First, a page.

God’s Messiah, could come from such a place. Despite his skepticism, Nathanael followed Philip to meet Jesus. When the Lord saw Nathanael coming toward Him, He said,
“Here truly is an Israelite in whom there is no deceit”
It is obvious that Jesus’ mention of “no deceit” triggered amazement in Nathanael; it points to the fact that Jesus knew his thoughts. Nathanael accepted this description as true and wondered how Jesus knew his character, having never met him before. Jesus explained:
“I saw you while you were still under the fig tree before Philip called you” Nathanael then immediately recognized Jesus as the Christ, calling him the
“Son of God” and the “king of Israel”
Jesus wasn’t present when Philip called Nathanael, yet He had seen and heard their conversation, evidence of His omniscience. He knew not only Nathanael’s words but his heart and sincere character as well. Nathanael (Bartholomew) saw the attributes of divine omniscience and the ability to discern hearts in the Man who stood before him. Nathanael’s familiarity with Old Testament prophecies caused him to recognize Jesus for who He was, the
promised Messiah, Son of God and King of Israel
Jesus knew Nathanael’s heart, just as He knows what is in every heart. Jesus’ assessment of Bartholomew was that he was a “true” son of Abraham, that is, a man who worshiped the true and living God without any of the deceit or hypocrisy that characterized the religious leaders of that day. Jesus responds to Nathanael’s statement of faith with a prophecy:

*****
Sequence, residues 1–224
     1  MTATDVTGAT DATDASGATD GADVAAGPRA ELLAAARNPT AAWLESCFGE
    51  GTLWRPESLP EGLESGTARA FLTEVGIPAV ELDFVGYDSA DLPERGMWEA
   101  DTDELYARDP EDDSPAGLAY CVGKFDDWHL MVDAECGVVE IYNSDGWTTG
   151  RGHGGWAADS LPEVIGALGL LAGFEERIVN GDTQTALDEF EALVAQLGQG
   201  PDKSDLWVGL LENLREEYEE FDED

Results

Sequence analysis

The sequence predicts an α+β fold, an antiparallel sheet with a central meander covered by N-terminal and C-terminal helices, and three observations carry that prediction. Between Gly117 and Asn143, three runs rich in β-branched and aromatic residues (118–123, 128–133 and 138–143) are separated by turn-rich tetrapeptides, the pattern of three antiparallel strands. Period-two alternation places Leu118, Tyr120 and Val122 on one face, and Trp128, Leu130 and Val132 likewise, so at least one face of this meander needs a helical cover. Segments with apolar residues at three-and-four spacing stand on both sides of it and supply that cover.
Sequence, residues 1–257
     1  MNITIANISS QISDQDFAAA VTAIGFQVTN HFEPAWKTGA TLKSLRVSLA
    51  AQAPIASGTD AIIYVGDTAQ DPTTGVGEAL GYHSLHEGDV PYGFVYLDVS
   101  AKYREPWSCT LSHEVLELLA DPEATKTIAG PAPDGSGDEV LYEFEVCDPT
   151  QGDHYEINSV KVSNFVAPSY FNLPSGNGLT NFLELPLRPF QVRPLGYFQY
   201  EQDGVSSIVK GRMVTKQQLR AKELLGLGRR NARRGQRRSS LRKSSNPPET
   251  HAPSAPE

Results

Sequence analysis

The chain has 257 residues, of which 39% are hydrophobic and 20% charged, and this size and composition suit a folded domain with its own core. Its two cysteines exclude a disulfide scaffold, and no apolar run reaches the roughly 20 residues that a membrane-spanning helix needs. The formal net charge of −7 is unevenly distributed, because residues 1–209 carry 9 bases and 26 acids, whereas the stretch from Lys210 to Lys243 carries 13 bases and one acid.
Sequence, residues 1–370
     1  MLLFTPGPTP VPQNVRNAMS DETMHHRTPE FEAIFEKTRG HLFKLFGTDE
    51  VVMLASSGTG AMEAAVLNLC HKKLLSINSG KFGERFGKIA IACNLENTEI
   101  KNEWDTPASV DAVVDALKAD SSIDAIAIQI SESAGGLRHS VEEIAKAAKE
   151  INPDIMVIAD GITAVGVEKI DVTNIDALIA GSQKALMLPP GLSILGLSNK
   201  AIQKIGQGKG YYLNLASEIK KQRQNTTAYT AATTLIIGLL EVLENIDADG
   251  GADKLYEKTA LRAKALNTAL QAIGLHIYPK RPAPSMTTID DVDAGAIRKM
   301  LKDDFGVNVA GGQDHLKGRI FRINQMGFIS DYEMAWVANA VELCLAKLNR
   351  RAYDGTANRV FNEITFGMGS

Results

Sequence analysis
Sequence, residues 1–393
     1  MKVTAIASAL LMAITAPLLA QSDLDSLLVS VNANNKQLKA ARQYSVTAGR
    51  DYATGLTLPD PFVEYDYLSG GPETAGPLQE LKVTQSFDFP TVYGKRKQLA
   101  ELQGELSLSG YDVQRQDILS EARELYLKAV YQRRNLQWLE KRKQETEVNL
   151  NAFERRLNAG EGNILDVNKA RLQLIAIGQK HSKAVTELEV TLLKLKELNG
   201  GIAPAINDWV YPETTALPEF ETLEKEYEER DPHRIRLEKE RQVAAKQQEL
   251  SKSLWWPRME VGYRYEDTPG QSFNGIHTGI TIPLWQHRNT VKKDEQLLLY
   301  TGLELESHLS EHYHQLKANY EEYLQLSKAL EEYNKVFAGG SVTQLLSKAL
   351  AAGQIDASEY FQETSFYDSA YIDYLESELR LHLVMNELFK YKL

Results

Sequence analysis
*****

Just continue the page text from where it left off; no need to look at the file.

“You believe because I told you I saw you under the fig tree. You will see greater things than that” (John 1:50). Then Jesus prophesies that Nathanael will see angels ascending and descending on the Son of Man
It’s worth noting that Nathanael is rarely mentioned apart from the listing of the twelve disciples. In fact, the only time Nathanael is featured is in John 1when he is first called to follow Jesus, and John 21:2, where he is mentioned along with those who returned to Galilee to go fishing with Peter after the resurrection. Given the fact that Peter and Andrew were also from Bethsaida, and possibly even James and John, the sons of Zebedee, (John 1:44), the likelihood that many of the disciples knew each other, were close friends, and possibly even coworkers and fellow fisherman prior to meeting Jesus becomes more conceivable.